How Habits Steal Your Time (If You Let Them)

Filling The Void in Your Schedule

I made a casual reference this morning to how my habits and routines tend to expand to fill whatever "free time" I might otherwise have, causing me to defer other non-routine activities because "I don't have time." I don't even recall what my original point was at the time, but the idea that habits expand to fill a void in your schedule resonated with my audience. Time, essentially, is a scarce commodity, and "free time" is even rarer, so I find I have a natural tendency to allocate that time to familiar, comfortable, habitual leisure activities. Apparently, other people do this, too - or something like it. But often the non-routine activities that I put off nag at me. Maybe it is a chore I don't feel like doing, or a new and exciting leisure activity that might interest me but I'm putting off trying it out of habit. I do what is easy and familiar in the moment -  follow the path of least resistance.

David McRaney explains it very nicely, in the context of procrastination:
"This is why your Netflix queue is full of great films you keep passing over for “Family Guy.” With Netflix, the choice of what to watch right now and what to watch later is like candy bars versus carrot sticks. When you are planning ahead, your better angels point to the nourishing choices, but in the moment you go for what tastes good."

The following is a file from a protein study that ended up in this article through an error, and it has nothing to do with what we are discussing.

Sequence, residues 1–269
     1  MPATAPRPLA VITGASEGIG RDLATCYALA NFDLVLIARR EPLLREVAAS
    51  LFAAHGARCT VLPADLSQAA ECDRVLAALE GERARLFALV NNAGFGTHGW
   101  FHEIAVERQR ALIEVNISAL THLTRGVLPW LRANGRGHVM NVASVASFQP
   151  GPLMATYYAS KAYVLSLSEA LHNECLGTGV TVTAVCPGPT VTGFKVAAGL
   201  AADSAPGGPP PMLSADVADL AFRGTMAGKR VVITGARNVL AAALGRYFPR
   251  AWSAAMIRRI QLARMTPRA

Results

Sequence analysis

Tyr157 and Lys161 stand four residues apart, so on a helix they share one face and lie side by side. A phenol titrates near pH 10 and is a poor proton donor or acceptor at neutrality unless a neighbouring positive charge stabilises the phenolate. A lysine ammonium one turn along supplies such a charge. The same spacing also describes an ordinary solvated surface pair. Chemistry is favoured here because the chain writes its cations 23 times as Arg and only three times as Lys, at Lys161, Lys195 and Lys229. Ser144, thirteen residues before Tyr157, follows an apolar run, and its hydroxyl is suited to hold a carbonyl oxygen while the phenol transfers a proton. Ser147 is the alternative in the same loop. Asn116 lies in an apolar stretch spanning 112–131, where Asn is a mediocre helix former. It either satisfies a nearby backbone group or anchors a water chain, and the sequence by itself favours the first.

Habit and routine taste good. Really, really good - to me, anyway. Habits are really powerful, and developing good habits (say, brushing your teeth) is a useful life skill. Indulging yourself, in moderation, is a good thing to do, too, so it is natural to find a free moment and think "I should go engage in my favorite leisure activity, indulge myself while I have a chance." But when those indulgences - those leisure activities - take on the form of habits, and you're just engaging in them because it is your normal routine, then there might be a problem: your routine might be expanding to fill a void in your schedule.

Nature abhors a vacuum. Gary Larson wrote that. So go out, break from routine, find something new, do something nice - and different - for yourself (or someone else). Take a walk on The Far Side.

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